Frankenstein Critical Analysis

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The story of Frankenstein, by Mary Shelley, has been told since 1818. Most people imagine “the monster” as this green beast with a square head and bolts sticking out of his neck. This image of Frankenstein is just one of the ways that somebody has retold the original novel, Frankenstein, by Mary Shelley. In fact, many people have tried to recreate the tale of Frankenstein in various movies. For example, Kenneth Branagh directed a movie in 1994, Mary Shelley’s Frankenstein, that came out close to the novel written by Mary Shelley herself. Branagh illustrated Frankenstein as an uneducated, horrid creature. Shelley’s novel portrays Frankenstein very differently. Shelley describes the monster as a very educated, well spoken, yet absolutely horrifying creature. Also, in Shelley’s version of Frankenstein, she provides instances, such as the monster moving quickly over snowy mountains, that Branagh left out of his film. These instances provide for a much more frightening monster than Branagh’s monster.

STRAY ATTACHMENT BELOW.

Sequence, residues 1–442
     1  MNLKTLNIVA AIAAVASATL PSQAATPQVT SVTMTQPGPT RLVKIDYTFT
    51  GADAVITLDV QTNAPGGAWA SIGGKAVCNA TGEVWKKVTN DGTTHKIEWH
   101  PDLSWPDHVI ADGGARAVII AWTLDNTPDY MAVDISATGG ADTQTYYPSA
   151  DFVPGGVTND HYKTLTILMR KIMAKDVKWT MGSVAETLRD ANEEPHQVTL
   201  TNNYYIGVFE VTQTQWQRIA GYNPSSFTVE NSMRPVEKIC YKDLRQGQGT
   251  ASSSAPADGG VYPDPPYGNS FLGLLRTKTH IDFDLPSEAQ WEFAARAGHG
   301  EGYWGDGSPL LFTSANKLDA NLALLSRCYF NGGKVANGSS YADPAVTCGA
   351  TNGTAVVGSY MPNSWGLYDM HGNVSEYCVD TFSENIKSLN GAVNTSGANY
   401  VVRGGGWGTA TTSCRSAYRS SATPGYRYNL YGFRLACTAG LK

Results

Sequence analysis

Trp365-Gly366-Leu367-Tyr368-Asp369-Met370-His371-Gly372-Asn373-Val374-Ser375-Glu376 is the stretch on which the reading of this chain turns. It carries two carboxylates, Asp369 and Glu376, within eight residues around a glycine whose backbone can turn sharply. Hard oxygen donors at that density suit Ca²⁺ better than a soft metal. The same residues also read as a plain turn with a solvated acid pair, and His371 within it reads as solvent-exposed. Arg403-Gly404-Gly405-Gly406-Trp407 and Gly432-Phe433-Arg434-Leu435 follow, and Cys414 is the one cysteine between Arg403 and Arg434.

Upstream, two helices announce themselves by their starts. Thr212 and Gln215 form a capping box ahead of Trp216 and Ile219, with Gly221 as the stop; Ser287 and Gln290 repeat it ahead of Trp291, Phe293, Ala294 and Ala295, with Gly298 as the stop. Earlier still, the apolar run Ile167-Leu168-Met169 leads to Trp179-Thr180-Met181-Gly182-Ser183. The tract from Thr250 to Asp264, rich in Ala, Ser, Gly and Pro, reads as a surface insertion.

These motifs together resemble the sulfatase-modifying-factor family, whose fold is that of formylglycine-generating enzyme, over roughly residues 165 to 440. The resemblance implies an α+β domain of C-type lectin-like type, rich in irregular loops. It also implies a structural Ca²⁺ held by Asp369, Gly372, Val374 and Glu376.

Both the film and the novel tell the same story, even though Branagh’s film has a few changes. Victor Frankenstein, a mad scientist, is absolutely obsessed with trying to create life. He spends years trying to make this body that he has made out of different human body parts come to life, and he eventually succeeds. Victor was initially excited that after all his efforts and studying, he finally did something that nobody else has done. However, the tides quickly turned and Victor soon realized that he never should have created this monster. Before he knew it, the monster began murdering Victors’ family because of the fact that Victor stranded the monster after birth and left him to fend for himself. During this time, the monster was learning how to be “human” from the De Lacey family by stalkingly watching them through a hole in the wall of their house. This is one of the only instances where the monster felt love and affection. After observing the...
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